According to research from the American Psychological Association (APA), teams who share personal information perform better than those who don't. As such, managers should carve out time at the start of a meeting for informal small talk, and set aside time for "virtual hallway conversations" with colleagues.

"Making time for personal connections in remote meetings not only feels good, it helps you work better together," said Yorke.

"When leaders model this, it can boost team performance even more."

3. Look out for visual cues

Much like audio prompts, visual cues are more difficult to communicate in video than they are in real life. A lot of this is down to the absence of direct eye contact, and the fact we can't tell where a person is looking with any degree of certainty.

"Research shows that on video calls where social cues are harder to see, we take 25% fewer speaking turns," said Yorke.

SEE: Coronavirus: Critical IT policies and tools every business needs (TechRepublic Premium)

"We feel more comfortable talking when our listeners' eyes are visible because we can read their emotions and attitudes. This is especially important when we need more certainty – like when we meet a new team member or listen to a complex idea." 

Being hyper-aware of visual cues – such as a colleague leaning in as if they're about to speak – can help video meetings run more smoothly. Meanwhile, participants should resist the urge to be distracted by open browser tabs, no matter how much more interesting they are than the discussion at hand.

4. Know your teammates' working styles

Knowing how everyone in your team likes to work can result in better cohesion and less finger-pointing when things go wrong, according to Yorke.

Research by APA PsycNet suggests that teams spread across different locations work less effectively together and can foster the development of cliquey environments, "with grave consequences for group cohesion and viability."

Yorke therefore suggests that colleagues speak with one another and understand how their  working styles can best complement one another. "When things go wrong, remote teams are more likely to blame individuals rather than examining the situation, which hurts cohesion and performance," he said.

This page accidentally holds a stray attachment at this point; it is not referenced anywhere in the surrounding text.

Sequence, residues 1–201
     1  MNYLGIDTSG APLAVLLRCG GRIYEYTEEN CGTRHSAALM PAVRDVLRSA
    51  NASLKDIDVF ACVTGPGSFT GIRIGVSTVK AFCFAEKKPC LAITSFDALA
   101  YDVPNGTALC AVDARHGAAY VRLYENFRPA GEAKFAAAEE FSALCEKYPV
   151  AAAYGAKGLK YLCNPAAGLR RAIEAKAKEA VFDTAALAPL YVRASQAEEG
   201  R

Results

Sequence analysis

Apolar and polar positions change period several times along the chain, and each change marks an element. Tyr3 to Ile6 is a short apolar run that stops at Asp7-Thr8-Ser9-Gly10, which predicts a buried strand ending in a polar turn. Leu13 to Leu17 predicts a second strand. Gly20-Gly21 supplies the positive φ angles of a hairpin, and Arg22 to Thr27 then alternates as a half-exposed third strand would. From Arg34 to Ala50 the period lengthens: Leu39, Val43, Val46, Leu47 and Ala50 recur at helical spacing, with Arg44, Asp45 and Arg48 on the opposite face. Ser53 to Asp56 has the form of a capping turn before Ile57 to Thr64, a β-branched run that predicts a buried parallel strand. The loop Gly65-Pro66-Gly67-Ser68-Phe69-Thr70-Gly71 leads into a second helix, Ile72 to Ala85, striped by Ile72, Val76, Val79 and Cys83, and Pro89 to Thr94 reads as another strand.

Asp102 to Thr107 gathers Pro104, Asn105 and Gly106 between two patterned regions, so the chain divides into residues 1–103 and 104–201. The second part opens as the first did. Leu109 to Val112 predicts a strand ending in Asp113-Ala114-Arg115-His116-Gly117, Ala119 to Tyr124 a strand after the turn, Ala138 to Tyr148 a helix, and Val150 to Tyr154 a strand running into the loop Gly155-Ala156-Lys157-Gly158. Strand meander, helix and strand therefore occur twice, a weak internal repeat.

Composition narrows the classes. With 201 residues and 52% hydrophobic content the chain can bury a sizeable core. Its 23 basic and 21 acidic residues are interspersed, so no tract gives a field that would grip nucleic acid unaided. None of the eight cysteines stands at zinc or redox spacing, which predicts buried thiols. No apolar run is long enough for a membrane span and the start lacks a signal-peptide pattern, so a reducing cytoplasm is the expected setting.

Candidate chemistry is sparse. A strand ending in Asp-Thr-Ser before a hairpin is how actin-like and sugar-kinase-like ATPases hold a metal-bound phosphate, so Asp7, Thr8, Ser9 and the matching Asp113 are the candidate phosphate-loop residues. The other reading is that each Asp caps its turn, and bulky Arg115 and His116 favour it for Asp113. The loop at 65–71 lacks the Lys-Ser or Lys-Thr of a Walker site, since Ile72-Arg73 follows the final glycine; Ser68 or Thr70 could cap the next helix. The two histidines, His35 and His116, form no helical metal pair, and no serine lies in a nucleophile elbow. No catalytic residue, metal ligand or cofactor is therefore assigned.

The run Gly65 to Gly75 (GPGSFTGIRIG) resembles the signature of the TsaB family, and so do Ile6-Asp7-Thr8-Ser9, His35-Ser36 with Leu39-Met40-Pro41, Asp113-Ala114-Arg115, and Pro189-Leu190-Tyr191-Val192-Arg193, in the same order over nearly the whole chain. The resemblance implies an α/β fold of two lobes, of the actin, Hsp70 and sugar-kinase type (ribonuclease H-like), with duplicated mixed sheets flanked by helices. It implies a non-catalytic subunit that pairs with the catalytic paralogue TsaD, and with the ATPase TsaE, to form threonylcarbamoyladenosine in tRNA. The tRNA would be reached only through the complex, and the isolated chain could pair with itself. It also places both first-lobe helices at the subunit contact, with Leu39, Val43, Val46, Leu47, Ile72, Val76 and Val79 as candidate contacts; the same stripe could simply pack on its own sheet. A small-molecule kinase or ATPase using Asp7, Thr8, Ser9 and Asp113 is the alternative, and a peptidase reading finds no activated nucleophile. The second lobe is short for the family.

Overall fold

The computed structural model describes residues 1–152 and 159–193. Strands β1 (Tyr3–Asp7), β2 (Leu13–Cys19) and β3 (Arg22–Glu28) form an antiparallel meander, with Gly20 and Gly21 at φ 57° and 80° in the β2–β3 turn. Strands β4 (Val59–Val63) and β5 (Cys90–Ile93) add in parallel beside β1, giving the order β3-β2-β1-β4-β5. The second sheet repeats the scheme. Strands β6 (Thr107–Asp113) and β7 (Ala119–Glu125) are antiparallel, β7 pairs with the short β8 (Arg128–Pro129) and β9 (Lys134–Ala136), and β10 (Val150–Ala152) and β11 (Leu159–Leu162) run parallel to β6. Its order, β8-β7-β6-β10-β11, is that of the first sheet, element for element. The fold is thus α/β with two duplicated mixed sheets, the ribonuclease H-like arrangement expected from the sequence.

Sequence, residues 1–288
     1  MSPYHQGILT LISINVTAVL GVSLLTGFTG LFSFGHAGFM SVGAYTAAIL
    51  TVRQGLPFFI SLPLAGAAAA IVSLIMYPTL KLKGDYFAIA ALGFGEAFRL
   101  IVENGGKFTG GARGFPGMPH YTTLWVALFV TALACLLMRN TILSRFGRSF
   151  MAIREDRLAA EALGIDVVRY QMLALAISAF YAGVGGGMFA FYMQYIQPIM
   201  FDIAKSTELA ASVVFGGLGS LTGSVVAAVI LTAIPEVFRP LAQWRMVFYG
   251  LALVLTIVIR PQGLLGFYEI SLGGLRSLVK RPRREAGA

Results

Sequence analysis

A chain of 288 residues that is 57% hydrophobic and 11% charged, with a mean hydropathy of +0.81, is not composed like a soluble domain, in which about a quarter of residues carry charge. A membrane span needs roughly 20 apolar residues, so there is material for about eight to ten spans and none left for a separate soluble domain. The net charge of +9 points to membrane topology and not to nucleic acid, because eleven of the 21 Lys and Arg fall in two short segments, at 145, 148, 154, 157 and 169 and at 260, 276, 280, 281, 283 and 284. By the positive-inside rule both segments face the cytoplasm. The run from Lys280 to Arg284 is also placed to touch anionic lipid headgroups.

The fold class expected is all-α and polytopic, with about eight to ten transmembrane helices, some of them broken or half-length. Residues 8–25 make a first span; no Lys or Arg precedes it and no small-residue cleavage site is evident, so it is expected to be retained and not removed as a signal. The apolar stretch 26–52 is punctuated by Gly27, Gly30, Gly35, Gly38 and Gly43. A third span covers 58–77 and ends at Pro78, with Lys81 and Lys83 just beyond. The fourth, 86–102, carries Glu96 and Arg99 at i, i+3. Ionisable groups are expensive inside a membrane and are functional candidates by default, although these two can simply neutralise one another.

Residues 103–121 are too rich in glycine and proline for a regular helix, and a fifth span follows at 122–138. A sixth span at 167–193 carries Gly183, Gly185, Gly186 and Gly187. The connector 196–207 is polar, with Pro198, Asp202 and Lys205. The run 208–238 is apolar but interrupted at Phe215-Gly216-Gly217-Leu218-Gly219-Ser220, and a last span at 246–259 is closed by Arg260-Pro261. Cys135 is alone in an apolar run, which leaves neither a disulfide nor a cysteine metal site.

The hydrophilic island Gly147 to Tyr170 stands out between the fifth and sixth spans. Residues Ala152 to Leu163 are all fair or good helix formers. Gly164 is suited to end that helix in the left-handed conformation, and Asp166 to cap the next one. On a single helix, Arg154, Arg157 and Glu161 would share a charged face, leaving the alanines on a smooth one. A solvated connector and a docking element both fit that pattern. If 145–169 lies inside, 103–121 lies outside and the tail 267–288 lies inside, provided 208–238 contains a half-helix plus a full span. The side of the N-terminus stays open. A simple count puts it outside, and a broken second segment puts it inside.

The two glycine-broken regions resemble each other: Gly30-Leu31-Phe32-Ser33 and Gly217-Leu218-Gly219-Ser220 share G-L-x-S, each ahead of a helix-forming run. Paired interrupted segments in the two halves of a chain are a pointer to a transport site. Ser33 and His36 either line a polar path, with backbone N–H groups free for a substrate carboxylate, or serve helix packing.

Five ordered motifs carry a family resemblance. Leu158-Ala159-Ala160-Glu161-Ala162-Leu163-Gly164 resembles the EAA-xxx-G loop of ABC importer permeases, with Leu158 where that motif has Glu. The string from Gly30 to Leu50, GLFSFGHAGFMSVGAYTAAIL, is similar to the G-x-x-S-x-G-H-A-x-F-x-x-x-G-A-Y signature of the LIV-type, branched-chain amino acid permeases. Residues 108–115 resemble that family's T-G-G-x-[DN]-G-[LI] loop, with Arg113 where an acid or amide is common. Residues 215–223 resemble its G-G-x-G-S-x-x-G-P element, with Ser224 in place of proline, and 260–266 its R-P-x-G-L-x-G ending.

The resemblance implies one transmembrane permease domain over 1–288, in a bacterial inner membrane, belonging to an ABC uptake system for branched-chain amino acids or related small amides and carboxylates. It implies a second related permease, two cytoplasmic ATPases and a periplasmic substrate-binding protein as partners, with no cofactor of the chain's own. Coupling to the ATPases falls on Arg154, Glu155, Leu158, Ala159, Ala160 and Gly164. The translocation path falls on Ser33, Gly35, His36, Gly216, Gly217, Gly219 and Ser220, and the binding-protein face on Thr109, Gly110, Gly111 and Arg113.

"Different ways of working can be frustrating, but they're important."

5. Pass the proverbial talking stick

Workplace meetings are generally unbalanced, with some participants taking a more active role in the conversation than others. With these meetings now taking place behind screens, people who generally take a more passive role in conversations are at greater risk of not having their voices heard.

"Conversations on calls are less dynamic, and the proverbial 'talking stick' gets passed less often," said Yorke.

SEE: How to use remote collaboration now and after the coronavirus pandemic (TechRepublic)

"That's a big deal for remote teams because sharing the floor more equally is a significant factor in what makes one group smarter than another."

To remedy this, Yorke suggests reminding participants in a meeting to "share the floor" and encourage a more balanced conversation. According to research by computational social scientists Alex Pentland and Anita Woolley, groups made up of individuals who share the floor more equally are more sensitive to emotions and are better performers than groups made up of people with high IQs – meaning everybody wins.